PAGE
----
Date Published: 28-Apr-2011
IT is quite amazing how the footballing humour in Galway has evolved over recent weeks from the almost abject despair of five National League defeats on the trot to the elation of a Croke Park All-Ireland final appearance on Sunday.
The antidote to Galway’s footballing condition over recent times has been provided by Alan Mulholland’s under-21 side, who really cut a dash when defeating Cork in the All-Ireland semi-final in Ennis last Saturday week.
While the county’s progress through Connacht might have been attributed, maybe slightly unfairly, to the quality of the opposition they met along the way, the win over Cork sent out a very clear signal that this was a serious Galway team.
Two aspects of Galway’s performance against Cork indicated that this was a team that travelled south with a mission in mind.
Firstly Galway showed absolutely no early respect for Cork’s reputation, catching ball at will around the midfield zone and secondly when Cork went 11-7 ahead early in the second half, the patience and resilience of the comeback showed that the team had a real depth of character about them.
That of course is yesterday’s news and there probably is only one rule about finals – whether they be good or bad spectacles – and that’s to win them. Cavan, without any shred of a doubt, will provide very stiff opposition on Sunday (2pm).
Cavan were unlucky to lose out in last year’s Ulster final but last year left them with a strong residue of hope for the 2011 campaign and they showed serious intent for further glory with a 0-12 to 1-4 Ulster semi-final victory over Donegal.
As with Galway against Cork, Cavan laid down their marker as a potential All-Ireland winning team with a 1-10 to 0-10 provincial final victory over Ulster giants, Tyrone, exploding into action with a goal after 10 seconds by Niall Murray.
After that they still had to withstand all the fire and brimstone that Tyrone could throw at them but they showed real steel to carve out a three point victory.
Three days later in Parnell Park, barely rested from their Ulster final exploits, Cavan under the stewardship of manager Terry Hyland, again showed great powers of physical and mental endurance to defeat Wexford by 1-10 to 0-8.
They come into this match with a reputation of playing what is now termed Ulster style football, defending in depth with a lot of players in their own half of the field and then striking quickly on the counter attack.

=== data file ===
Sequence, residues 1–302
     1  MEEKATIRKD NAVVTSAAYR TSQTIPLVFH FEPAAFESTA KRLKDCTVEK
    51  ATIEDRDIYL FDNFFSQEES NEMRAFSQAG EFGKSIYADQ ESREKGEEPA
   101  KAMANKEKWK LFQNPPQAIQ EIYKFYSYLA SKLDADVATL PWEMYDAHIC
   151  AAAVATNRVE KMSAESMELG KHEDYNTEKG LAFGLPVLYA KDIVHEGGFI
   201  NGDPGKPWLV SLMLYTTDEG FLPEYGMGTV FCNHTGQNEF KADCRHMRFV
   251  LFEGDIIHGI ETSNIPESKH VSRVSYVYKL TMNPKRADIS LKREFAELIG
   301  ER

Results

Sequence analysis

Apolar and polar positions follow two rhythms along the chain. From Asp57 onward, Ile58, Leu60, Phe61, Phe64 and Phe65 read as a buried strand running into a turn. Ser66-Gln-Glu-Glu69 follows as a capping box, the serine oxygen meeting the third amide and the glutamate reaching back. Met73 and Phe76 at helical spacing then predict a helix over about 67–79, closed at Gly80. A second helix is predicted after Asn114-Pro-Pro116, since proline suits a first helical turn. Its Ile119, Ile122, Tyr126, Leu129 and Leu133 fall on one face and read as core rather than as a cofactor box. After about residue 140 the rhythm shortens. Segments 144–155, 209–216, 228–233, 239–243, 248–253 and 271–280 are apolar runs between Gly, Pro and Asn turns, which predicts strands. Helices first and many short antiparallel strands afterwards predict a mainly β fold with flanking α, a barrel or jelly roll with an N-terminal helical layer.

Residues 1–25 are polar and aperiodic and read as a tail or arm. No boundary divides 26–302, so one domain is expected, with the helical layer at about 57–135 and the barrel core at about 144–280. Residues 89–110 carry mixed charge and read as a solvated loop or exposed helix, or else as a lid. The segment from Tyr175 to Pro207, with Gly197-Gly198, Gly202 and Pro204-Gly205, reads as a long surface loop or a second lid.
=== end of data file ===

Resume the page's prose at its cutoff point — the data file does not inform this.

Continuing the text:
It wasn’t the type of game that Galway encountered against a Cork side playing a more orthodox style of football and Cavan’s swarm defence has by all accounts proven very difficult to break down.
Cavan have also done well around the midfield sector with captain Gearóid McKiernan a towering influence in the aerial exchanges as well as popping up for a few vital points against Donegal, Tyrone and Wexford.
The Ulster champions also pack quite a punch in attack and especially in the full forward line where No. 14 Niall McDermott has troubled defenders all through the series while top-of-the-right, Jack Brady, has also notched some critical scores.
For more, read this week’s Galway City Tribune.
Galway ‘Park and Ride’ could become permanent
Date Published: 07-May-2013
A park ‘n’ ride scheme from Carnmore into Galway city could become a permanent service if there is public demand.
That’s according to the Chief Executive of Galway Chamber of Commerce, Michael Coyle.
The pilot scheme will begin at 7.20 next Monday morning, May 13th.
Motorists will be able to park cars at the airport carpark in Carnmore and avail of a bus transfer to Forster Street in the city.
Buses will depart every 20 minutes at peak times and every 30 minutes at offpeak times throughout the day, at a cost of 2 euro per journey.
Tuam awaits UK hay import as overnight rainfall adds to fodder crisis
Date Published: 09-May-2013
Tuam is now awaiting a third import of hay from the UK as overnight rainfall has increased pressure on farmers struggling to source fodder.
A total of ten loads are expected at Connacht Gold stores throughout the West with a load expected at the Airglooney outlet this evening or tomorrow.
Farmers throughout the county have been struggling to cope with the animal feed shortage and a below than normal grass growth due to unseasonal weather conditions.
Overnight rainfall in the Galway area has also added to the problem making ground conditions in many areas are quite poor.
Joe Waldron, Agricultual Advisor with Connacht Gold says farmers in short supply can contact the Airglooney outlet on 093 – 24101.
Transport Minister urges end to Bus Eireann strike action
Date Published: 12-May-2013
The Transport Minister is urging drivers at Bus Éireann to engage in talks with management, in an effort to bring their strike action to an end.
There were no Bus Éireann services operating out of Galway today as a result of nationwide strike action by staff affiliated with the national bus and rail union.
Up to 20 Bus Éireann drivers are continuing to picket outside the bus depot at the docks in the city this evening.
Drivers from other unions have decided not to cross the picket line and go into work today – causing the disruption to be even worse.
Bus drivers are protesting against five million euro worth of cuts to their overtime and premium pay – cuts which Bus Eireann says are vital to ensure the future viability of the company.
The majority of services nationwide are disrupted, and the union say strike action will continue until management are willing to go back into negotiations.
However, it’s not expected to affect school services next week.
Galway bay fm news understands that around 70 percent, or over 100 Galway bus Eireann drivers are affiliated with the NBRU.